(b) If this measure is approved by voters but is superseded in whole or in part by the provisions of any other conflicting measure approved by the voters and receiving a greater number of affirmative votes at the same election, and the conflicting measure or any superseding provisions thereof are subsequently held to be invalid, the formerly superseded provisions of this measure shall be self-executing and given full force of law.
Would reschedule cannabis in California, send national message.
(K) Express the will of the People of the State of California that the scheduling of cannabis be changed under Title 21 United States Code Controlled Substances Act, and to deschedule cannabis from the California Uniform Controlled Substances Act.
Consumers would get an extra half of a gram per ounce purchased.
“One ounce of cannabis” means 28.5 grams of cannabis as measured by dry weight, or where not dry, the reasonable equivalent of 28.5 grams of dry cannabis.
The Coalition for Cannabis Policy Reform, the group behind the ReformCA effort, teased its initiative over the summer.
"The big daddy of legalization proponents, ReformCA, says it will have its ballot initiative ready to file…" http://t.co/bzAmzTbe8H
— ReformCA (@Ready4ReformCA) July 17, 2015
In the coming weeks, we're going to file an initiative to legalize cannabis in California. Learn more: http://t.co/v30be7GcF5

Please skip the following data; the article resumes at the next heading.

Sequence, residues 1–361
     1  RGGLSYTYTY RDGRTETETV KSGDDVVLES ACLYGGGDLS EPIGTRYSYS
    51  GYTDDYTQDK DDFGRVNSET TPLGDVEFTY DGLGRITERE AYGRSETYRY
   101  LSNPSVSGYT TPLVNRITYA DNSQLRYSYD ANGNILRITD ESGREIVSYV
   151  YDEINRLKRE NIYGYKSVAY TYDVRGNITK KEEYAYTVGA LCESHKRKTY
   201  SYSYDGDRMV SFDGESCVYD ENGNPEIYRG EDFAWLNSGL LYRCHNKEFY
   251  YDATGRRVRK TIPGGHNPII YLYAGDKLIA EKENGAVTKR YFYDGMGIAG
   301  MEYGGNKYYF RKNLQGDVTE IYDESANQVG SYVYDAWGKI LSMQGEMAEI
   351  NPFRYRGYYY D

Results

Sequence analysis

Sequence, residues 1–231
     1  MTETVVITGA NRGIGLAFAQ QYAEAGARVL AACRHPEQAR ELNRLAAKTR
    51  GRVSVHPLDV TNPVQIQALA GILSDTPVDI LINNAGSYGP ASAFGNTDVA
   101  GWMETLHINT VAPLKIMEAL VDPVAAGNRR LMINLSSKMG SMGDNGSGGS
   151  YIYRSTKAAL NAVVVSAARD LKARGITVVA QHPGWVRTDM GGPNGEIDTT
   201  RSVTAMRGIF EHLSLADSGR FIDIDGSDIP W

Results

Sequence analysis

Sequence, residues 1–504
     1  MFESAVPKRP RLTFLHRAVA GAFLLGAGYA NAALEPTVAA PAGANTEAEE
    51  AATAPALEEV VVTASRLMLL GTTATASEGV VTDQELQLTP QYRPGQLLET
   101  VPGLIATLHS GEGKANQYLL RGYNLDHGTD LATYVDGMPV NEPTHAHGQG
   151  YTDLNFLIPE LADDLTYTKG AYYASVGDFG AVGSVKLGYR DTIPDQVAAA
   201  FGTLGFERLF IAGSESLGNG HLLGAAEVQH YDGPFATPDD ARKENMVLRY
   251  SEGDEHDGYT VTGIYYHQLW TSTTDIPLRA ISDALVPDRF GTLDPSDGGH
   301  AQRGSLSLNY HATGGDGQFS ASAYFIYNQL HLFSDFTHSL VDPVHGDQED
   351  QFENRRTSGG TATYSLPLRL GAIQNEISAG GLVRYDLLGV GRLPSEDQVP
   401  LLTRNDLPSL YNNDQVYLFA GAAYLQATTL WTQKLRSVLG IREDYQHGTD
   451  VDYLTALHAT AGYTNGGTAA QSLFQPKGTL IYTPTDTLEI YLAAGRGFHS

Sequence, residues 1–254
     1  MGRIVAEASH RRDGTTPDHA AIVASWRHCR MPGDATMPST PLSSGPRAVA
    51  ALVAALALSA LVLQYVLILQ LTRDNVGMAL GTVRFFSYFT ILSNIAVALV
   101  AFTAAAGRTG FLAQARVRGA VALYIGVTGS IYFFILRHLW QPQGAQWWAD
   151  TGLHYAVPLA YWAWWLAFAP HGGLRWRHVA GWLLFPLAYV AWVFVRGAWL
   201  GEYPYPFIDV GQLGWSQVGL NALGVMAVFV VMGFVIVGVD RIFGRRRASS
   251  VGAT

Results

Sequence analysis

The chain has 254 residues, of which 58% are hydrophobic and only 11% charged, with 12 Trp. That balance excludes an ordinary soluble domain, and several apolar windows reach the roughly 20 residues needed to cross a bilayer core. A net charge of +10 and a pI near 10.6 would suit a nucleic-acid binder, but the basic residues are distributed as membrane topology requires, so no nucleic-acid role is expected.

— ReformCA (@Ready4ReformCA) July 17, 2015
WATCH our latest news media interviews to learn more about our plans to legalize cannabis in California. http://t.co/IUAFLkTeHa
— ReformCA (@Ready4ReformCA) July 27, 2015
Our leaders in CA have been too timid as well. We'll change that on the ballot next year. https://t.co/ApAeOrrAVs
— ReformCA (@Ready4ReformCA) August 10, 2015
We're close to filing our initiative to legalize cannabis for adult use. Be the first to know: http://t.co/qob5OFttcd
— ReformCA (@Ready4ReformCA) September 29, 2015
The group said could have filed earlier but was waiting for legislators to pass a package of bills that would regulate medical cannabis sellers and growers.
“This has taken longer than we wanted,” Dale Gieringer, state coordinator of California NORML, which is part of a coalition behind the ReformCA initiative, told LA Weekly last week.